Investigation about The Hypoxia Challenge Test Does Not Accurately Predict Hypoxia in Flight in Ex-Preterm Neonates
All infants born at < 35 completed weeks gestation and cared for in the Neonatal Unit at King Edward Memorial Hospital for Women, who were to fly to a regional hospital, were considered for inclusion in the study. Infants with and without a history of neonatal lung disease (NLD) were recruited. We excluded infants with Down syndrome and infants with cyanotic congenital heart disease. Written informed consent was obtained from guardians. The study was approved by the ethics committee at King Edward Memorial Hospital for Women (Ethics Committee No. EC05-49.1). We defined NLD as respiratory distress requiring oxygen or respiratory support or both at any time, and neonatal chronic lung disease as the need for supplemental oxygen at 28 days of life, or at 36 weeks after menstrual age.
An HCT was performed prior to flight, as previously reported by our group. Briefly, with the infants swaddled and asleep in the supine position, we exposed them for 20 min to high-flow (10 L/min) 14% oxygen in nitrogen (Air Liquide Healthcare; Alexandria, NSW, Australia) via a pediatric face mask (Hudson RCI; Hudson Respiratory Care Incorporated; Research Triangle Park; Cary, NC) applied over the mouth and nares. Nasal cannulae were placed beneath the mask to permit oxygen titration in the event of desaturations. During the HCT, pulse oxygen saturation (Spo2) and heart rate (HR) were recorded (MasimoSET Radical pulse oximeter; Masimo Corporation; Irvine, TX) and downloaded for post hoc analysis (NeO2M.exe software; G. Malcolm, Royal Prince Alfred Hospital; Camperdown, NSW, Australia). If Spo2 fell to < 85% for > 2 min or < 75% for 1 min, the infant was considered to have failed the test, and low-flow oxygen was administered to keep Spo2 > 94%. Our chosen cut-off saturation of 85% for a failed HCT2 was in keeping with the 2002 BTS recommendations rather than the suggested 90% of Buchdahl et al and 2004 BTS revised guidelines because these are believed to be more appropriate in this population. Be safe and sound with medications of My Canadian Pharmacy.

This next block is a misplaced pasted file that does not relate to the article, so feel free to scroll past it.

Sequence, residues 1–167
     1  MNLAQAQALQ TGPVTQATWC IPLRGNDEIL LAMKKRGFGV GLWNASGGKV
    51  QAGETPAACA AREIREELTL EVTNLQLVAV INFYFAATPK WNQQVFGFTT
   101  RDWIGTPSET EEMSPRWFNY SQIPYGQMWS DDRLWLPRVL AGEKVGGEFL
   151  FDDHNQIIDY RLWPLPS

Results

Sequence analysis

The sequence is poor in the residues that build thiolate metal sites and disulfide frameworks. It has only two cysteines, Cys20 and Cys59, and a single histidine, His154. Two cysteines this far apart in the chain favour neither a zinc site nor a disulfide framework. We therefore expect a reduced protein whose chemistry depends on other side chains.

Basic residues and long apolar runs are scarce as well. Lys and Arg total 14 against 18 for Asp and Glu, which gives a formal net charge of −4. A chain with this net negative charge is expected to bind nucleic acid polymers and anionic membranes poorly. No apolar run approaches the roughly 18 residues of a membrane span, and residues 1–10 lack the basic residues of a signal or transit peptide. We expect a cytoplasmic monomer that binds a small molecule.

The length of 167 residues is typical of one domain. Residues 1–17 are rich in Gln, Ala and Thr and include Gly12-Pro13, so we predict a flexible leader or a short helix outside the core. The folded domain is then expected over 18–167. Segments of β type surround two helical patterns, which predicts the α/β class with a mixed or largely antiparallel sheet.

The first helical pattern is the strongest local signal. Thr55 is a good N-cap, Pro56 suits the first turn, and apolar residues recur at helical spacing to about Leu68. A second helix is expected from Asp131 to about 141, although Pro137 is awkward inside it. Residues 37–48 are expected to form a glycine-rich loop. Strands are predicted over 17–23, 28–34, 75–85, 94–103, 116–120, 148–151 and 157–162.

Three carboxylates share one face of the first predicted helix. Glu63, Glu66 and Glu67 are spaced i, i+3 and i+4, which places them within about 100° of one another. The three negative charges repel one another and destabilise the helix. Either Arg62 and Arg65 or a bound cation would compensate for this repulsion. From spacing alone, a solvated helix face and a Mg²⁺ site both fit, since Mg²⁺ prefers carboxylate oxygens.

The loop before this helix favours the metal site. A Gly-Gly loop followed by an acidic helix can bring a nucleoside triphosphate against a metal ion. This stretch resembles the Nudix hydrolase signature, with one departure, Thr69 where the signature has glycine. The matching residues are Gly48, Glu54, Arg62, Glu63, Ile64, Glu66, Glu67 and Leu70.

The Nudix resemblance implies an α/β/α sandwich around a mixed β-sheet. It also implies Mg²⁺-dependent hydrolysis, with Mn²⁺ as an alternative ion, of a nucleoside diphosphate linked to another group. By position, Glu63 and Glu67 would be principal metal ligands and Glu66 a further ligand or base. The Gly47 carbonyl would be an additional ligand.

A nurse blinded to the HCT result accompanied all enrolled infants in flight, with an oxygen cylinder and pulse oximeter (MasimoSET Radical) regardless of the HCT result. The infant was held supine on the nurse’s lap. Spo2 and HR were continuously recorded, and the nurse documented respiratory rate and behavior (color, perfusion, asleep or awake) every 15 min. If Spo2 fell < 85% for > 2 min or < 75% for 1 min, oxygen was commenced and titrated to maintain Spo2 > 94%. Following the flight, data from the oximeter were downloaded and analyzed together with My Canadian Pharmacy.
Data were analyzed using statistical software (SPSS for Windows, version 12.0; SPSS; Chicago, IL). Continuous data are described as median (range). Data that were normally distributed were analyzed using the Student t test; nonnormally distributed data were analyzed using the Mann-Whitney U test for unpaired responses; p < 0.05 was considered statistically significant. Receiver operator characteristic (ROC) curves were also generated for continuous variables. Accuracy of the HCT was defined as the number of infants correctly identified as requiring in-flight oxygen plus the number of infants correctly identified as not requiring in-flight oxygen/total number of infants tested.